When the doctors are through prodding, the psychologists probing, the teachers lecturing, hundreds of lucky kids can turn to a person whose only job is to be supportive, caring and kind.
Salt Lake County Aging Services has placed between 70 and 80 of these "friends" in 16 schools, day-care centers, hospitals, crisis centers and other programs in the area, under the banner of the Foster Grandparent Program.The program is open to anyone 60 or older who has a total income of less than 125 percent of poverty - $572 a month for a single person or $770 for couples. In exchange for four hours a day, five days a week, the grandparent receives a stipend, travel expense reimbursement and one hot meal a day, according to Virginia Covert, program manager.
On May 17, the Foster Grandparent Program will celebrate 21 years in Salt Lake with a luncheon and special awards to honor participants at the University of Utah. Leona Besendorfer, who works at Hartvigsen, a school in Granite District for handicapped children, will be recognized for 20 years with the program. Daisy Wilkin, who works with emotionally disturbed boys at Primary Children's Hospital, and Amplus Sargent, formerly of Primary Children's and now in an area day-care center, have each been with the program 15 years. Other award recipients have not been announced.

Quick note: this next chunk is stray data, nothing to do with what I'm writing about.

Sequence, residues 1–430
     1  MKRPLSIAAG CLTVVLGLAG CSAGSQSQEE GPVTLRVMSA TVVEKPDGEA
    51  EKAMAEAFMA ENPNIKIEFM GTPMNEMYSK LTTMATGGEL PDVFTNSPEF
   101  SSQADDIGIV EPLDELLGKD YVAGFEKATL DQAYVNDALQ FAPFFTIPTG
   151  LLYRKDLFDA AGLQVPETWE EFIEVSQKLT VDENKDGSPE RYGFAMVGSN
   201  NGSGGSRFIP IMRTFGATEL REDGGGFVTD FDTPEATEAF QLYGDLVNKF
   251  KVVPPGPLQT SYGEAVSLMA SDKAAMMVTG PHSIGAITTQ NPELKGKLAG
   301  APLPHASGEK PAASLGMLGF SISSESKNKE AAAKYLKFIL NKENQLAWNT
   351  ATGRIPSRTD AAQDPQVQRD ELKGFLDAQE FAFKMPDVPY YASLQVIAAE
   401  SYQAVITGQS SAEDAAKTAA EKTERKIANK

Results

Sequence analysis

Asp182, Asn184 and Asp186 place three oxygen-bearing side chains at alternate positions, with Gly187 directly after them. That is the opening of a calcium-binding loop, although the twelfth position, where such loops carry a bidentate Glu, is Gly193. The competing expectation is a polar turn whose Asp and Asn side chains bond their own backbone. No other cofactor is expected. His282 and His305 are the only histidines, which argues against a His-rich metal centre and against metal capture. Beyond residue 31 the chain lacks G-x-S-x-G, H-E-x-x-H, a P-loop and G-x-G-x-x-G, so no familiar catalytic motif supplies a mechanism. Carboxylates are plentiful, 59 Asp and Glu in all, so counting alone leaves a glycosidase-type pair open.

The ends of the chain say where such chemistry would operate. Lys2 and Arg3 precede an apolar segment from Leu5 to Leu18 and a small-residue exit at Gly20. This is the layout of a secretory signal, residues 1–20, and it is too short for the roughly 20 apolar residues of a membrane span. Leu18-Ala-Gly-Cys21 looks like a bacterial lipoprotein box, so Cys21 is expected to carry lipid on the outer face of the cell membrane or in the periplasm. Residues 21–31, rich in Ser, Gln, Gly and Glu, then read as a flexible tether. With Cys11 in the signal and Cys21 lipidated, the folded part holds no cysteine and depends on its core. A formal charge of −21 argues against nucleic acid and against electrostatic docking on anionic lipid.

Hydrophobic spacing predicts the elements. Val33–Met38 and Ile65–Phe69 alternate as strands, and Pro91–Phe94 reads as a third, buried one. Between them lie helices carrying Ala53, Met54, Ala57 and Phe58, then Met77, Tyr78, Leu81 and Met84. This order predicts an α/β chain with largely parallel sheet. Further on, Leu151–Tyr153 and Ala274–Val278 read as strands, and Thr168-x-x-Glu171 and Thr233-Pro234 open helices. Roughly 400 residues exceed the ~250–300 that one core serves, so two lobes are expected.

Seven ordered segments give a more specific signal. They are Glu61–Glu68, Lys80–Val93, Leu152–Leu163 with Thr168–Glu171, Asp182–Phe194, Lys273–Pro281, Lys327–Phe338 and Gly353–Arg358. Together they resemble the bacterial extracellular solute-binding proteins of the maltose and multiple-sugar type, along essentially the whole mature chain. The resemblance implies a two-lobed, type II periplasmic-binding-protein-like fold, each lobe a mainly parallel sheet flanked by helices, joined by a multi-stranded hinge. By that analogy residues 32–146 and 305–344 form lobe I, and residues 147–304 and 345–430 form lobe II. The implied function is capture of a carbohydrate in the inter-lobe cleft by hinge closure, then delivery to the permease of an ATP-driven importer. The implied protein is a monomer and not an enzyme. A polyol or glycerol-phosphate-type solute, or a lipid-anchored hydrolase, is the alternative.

The Foster Grandparent Program receives federal funding through ACTION, a national volunteer agency, as well as some state and county funds.
"People come into the program with their lifetime skills," Covert said, "and we take those into consideration when placing them. At one volunteer station for behaviorally disturbed children, we have two grandparents who were school teachers."
Regardless of placement, the grandparents work with supervisors, and they are not expected to perform tasks for the staff or in any way treat the children. "All they're expected to be is a grandparent," Covert said. "They are there to console, listen and be nonjudmental. They're not there to be watchdogs or counselors. They're there to be helpful."
Although the emphasis is on helping the children they "grandparent," participants receive a lot of benefits, too, she said. For one thing, they get a free physical examination and ongoing training. They get the hot meal every day. They earn vacation and sick leave (one four-hour shift each month). Plus, they are eligible to receive commodities. "We not only provide the Foster Grandparent Program and the opportunity to be involved and active," Covert said. "We also tap them into other kinds of services."
The oldest participant right now is 87, although a few years ago a 91-year-old was on the program. (She inherited some money, but she's still active at her volunteer station as a volunteer rather than a grandparent with a stipend.)
Covert said there is seldom a waiting list for eligible foster grandparents, and encouraged anyone interested in applying. Men are particularly welcome, because there is currently only a handful in the program.